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Spokane, Washington  Est. May 19, 1883

NAIA ruling to ban transgender women from competing in sports will affect Inland Northwest colleges

Lindsay Hecox, a transgender athlete who attended Boise State University, testifies against House Bill 500 during an Idaho Senate hearing in 2020.  (Sami Edge/Idaho Education News)
By Lauren Rendahl and Ellen Dennis The Spokesman-Review

A pair of colleges in the Inland Northwest whose sports teams are overseen by the National Association of Intercollegiate Athletics face a new reality: transgender athletes will soon be banned from competing on women’s teams.

Lewis-Clark State College in Idaho and Walla Walla University are among the 241 small colleges across the nation bound by the NAIA ruling that goes into effect Aug. 1.

As of Tuesday afternoon, neither college had a statement on the new policy, and both declined to comment.

The NAIA Council of Presidents voted 20-0 on Monday at their annual convention in Kansas City, Missouri, to make the shift. Under the new regulations, only athletes assigned female at birth or those who have not started hormone therapy are allowed to compete in women’s sports.

If a student has begun hormone therapy, they can work out, practice and participate in team-related activities but they cannot compete, according to the transgender participation policy.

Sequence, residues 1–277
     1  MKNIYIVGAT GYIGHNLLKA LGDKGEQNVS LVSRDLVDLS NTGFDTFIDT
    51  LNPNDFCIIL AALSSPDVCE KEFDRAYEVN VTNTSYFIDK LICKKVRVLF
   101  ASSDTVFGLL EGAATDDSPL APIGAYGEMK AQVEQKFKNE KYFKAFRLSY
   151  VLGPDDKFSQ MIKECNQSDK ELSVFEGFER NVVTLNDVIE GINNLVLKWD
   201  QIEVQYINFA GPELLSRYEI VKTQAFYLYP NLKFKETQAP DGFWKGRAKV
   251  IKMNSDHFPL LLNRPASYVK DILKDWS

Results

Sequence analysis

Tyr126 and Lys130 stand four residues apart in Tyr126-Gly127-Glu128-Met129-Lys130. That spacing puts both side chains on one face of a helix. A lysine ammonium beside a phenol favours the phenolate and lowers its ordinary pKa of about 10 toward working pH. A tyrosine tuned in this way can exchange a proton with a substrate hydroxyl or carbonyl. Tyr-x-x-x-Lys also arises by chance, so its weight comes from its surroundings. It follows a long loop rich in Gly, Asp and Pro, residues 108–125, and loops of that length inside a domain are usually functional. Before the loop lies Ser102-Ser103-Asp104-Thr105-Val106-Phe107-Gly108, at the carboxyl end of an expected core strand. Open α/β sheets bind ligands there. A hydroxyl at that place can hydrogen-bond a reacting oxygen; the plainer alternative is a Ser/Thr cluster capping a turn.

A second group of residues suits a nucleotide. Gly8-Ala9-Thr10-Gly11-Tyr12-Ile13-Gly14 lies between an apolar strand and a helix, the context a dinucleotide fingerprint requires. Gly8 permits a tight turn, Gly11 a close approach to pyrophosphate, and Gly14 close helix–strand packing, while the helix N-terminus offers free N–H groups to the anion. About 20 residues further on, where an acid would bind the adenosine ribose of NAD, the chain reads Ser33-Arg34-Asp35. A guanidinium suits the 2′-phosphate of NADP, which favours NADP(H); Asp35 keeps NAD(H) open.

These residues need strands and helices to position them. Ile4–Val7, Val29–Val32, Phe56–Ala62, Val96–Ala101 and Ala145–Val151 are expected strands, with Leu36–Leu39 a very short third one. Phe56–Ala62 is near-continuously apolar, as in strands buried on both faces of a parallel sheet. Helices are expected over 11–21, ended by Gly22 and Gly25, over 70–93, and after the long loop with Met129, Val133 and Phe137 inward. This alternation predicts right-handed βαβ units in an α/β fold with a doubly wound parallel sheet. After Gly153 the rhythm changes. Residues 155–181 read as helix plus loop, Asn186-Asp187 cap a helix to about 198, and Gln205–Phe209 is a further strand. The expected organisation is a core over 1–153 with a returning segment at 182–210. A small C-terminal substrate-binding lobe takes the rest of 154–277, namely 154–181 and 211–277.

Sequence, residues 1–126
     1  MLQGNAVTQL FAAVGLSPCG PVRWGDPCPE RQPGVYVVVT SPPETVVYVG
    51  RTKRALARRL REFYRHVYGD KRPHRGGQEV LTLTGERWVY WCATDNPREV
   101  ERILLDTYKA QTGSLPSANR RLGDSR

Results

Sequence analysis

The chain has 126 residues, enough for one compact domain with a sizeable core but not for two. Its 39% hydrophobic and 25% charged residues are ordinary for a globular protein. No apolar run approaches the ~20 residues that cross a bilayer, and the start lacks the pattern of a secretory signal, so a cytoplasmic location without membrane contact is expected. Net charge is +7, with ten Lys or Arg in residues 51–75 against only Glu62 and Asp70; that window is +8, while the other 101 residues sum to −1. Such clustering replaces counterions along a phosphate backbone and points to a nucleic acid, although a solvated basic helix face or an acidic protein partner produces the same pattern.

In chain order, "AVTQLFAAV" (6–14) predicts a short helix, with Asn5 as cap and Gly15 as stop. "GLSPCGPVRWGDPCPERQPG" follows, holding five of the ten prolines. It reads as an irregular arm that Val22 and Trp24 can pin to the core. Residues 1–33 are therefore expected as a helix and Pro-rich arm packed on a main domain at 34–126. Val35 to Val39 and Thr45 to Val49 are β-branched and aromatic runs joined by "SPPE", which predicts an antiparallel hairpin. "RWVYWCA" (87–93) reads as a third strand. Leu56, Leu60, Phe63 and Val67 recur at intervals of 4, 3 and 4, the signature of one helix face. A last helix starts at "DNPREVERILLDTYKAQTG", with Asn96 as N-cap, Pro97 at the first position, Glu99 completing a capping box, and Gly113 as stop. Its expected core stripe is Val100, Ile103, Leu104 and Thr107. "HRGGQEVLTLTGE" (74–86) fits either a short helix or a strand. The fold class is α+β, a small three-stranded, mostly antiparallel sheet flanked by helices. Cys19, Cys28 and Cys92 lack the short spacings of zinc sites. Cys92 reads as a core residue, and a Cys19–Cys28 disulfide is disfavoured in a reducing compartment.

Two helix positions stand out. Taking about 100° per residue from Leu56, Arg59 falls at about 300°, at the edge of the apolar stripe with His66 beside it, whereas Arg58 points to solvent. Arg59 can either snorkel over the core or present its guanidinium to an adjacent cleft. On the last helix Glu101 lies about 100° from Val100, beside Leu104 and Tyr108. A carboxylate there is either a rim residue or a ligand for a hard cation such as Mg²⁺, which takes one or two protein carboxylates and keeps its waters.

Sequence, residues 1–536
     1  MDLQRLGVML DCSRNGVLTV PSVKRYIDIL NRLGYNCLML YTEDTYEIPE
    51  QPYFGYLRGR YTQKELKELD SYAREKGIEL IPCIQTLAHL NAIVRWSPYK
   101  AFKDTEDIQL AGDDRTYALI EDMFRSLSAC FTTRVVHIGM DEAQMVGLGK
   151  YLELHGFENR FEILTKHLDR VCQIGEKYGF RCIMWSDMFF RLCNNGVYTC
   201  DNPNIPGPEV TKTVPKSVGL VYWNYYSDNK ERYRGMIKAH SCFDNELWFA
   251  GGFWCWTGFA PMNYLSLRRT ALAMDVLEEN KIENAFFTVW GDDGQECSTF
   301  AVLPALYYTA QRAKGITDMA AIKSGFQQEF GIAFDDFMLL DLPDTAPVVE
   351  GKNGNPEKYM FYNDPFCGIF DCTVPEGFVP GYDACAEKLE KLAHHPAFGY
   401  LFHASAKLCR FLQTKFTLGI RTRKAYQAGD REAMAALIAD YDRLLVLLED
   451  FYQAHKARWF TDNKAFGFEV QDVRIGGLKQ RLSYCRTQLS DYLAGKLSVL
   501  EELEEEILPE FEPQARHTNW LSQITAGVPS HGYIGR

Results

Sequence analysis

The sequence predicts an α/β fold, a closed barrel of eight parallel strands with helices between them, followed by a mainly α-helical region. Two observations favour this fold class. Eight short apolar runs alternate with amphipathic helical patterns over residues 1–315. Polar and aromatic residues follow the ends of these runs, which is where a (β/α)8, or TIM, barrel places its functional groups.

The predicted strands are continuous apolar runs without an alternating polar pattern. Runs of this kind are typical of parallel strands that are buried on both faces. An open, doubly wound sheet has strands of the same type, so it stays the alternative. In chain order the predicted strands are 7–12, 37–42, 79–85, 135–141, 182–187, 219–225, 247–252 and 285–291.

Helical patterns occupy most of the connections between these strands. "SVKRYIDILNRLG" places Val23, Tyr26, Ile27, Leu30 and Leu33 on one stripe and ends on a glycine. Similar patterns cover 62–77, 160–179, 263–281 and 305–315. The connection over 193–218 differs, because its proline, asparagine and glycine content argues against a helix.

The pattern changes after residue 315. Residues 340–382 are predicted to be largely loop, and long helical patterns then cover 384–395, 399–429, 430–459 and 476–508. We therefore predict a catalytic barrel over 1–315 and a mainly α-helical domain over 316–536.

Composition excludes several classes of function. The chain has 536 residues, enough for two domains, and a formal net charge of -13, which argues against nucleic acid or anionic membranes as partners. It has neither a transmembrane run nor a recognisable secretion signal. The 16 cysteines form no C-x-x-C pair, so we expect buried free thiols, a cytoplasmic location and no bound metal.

All athletes are still allowed to participate in NAIA-sponsored male sports.

Out of the 83,000 athletes involved in NAIA sports, the organization does not track how many trans athletes are currently participating. The current NAIA policy allows transgender and nonbinary athletes to compete in gender-divided sports.

The new ruling arrives amid ongoing challenges for transgender athletes seeking inclusive sports opportunities as 24 states have enacted laws prohibiting transgender women and girls from participating in specific women’s or girls’ sports competitions, though some have been challenged.

In 2020, the Idaho Legislature passed the “Fairness in Women’s Sports Act,” a law that banned transgender girls and women from participating in women’s high school and college sports in the state. The bill conflicted with preexisting NCAA and Idaho High School Activities Association policies.

The bill signed by Idaho Gov. Brad Little was challenged by lawyers on behalf of Boise State University student Lindsay Hecox in a case that has made its way to the Ninth Circuit Court of Appeals. Last year, the appeals court blocked Idaho’s Fairness in Women’s Sports Act from taking effect until litigation over the law is complete.

As of now, the new ruling has not impacted the NCAA’s policies regarding transgender athletes, which allows them to compete as long as they comply with the guidelines set by their respective international sports governing bodies starting Aug. 1.

The NCAA did release this statement: “College sports are the premier stage for women’s sports in America and the NCAA will continue to promote Title IX, make unprecedented investments in women’s sports and ensure fair competition for all student-athletes in all NCAA championships.”